Closed Bug 331977 Opened 19 years ago Closed 18 years ago

No error dialog is presented if an SSL rehandshake fails


(Core :: Security: PSM, defect, P2)






(Reporter: rcrit, Assigned: KaiE)




(Keywords: fixed1.8.1, Whiteboard: [kerh-coa])


(4 files, 2 obsolete files)

This was discovered using Apache 2.0.54 with mod_nss 1.0. I have reproduced using a simple NSS server program. It also affects Apache with mod_ssl.

What happens is:

1. Browser connects to server
2. SSL negotiation occurs
3. Connection is successful
4. Client issues request to server
5. Server responds with a request for re-handshake, reducing the number of available ciphers to 1 that the client doesn't support (it's turned off)
6. The SSL rehandshake fails due to no common ciphers

The browser simply repaints the screen. No error message is displayed and in fact, it is hard to tell that any communication occured at all.

I discussed this with Nelson Bolyard from the NSS team. I will attach the ssltap output he refers to here as well as the NSS server program I used.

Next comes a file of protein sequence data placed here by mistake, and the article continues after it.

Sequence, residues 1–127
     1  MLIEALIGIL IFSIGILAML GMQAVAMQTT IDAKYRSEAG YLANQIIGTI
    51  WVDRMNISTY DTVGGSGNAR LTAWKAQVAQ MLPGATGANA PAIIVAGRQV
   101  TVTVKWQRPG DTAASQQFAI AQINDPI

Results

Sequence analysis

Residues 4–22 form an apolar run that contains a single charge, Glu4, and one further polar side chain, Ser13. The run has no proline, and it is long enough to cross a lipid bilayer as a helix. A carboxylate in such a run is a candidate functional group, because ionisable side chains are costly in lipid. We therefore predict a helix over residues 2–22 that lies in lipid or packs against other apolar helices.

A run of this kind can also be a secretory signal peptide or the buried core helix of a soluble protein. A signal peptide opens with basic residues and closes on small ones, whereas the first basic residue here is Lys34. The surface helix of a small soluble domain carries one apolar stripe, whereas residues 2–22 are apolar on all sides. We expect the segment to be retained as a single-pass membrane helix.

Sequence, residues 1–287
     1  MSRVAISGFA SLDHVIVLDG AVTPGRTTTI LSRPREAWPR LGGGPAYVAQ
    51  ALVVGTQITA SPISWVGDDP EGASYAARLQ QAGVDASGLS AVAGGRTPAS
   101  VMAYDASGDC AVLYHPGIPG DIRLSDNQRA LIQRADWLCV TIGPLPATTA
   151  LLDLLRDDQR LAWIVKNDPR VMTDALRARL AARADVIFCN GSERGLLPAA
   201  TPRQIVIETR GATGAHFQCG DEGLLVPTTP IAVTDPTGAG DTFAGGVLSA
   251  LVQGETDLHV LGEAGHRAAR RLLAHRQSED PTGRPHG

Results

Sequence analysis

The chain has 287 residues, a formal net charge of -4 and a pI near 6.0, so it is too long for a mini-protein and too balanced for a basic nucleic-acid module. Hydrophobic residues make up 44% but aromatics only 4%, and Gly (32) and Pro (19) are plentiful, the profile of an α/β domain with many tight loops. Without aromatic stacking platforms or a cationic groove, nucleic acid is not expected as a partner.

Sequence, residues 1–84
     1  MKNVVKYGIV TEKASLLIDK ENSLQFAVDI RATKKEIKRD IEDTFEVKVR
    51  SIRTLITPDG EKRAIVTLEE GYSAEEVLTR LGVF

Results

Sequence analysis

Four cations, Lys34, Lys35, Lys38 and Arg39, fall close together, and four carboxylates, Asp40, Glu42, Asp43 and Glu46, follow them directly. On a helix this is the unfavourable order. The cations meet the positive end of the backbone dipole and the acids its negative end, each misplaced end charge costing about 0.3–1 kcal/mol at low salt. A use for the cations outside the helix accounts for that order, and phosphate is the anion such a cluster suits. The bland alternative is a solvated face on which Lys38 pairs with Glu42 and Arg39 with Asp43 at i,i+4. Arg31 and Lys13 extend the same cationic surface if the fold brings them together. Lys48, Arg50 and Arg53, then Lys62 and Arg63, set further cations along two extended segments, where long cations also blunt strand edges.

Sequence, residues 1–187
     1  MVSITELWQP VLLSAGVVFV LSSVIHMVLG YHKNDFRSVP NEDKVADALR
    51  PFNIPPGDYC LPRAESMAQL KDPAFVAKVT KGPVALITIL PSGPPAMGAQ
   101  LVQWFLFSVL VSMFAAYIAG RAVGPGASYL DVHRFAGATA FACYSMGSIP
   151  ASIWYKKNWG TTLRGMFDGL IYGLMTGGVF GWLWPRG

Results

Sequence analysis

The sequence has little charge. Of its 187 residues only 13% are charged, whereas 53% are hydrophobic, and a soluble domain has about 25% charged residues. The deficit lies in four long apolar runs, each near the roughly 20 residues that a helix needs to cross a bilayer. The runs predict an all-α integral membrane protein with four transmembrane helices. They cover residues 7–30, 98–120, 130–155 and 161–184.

-------- begin Nelson's comments --------

Here's what I see, the boiled down version of the ssltap:

>> Looking up "darlene"...
>> Proxy socket ready and listening
>> Connection #1 [Wed Feb 22 16:27:06 2006]
>> Connected to darlene:8000
>> --> [
>>  [Wed Feb 22 16:27:06 2006] [ssl2]  ClientHelloV2 {
>>            version = {0x03, 0x01}
>>            cipher-suites = { 
>>                 (0x000004) SSL3/RSA/RC4-128/MD5

client sends client hello, using SSL2 format, listing a bunch of suites.
RSA_RC4-128_WITH_SHA1 is noticably absent from that list.

>> <--
>> SSLRecord { [Wed Feb 22 16:27:06 2006]
>>    type    = 22 (handshake)
>>    version = { 3,1 }
>>       type = 2 (server_hello)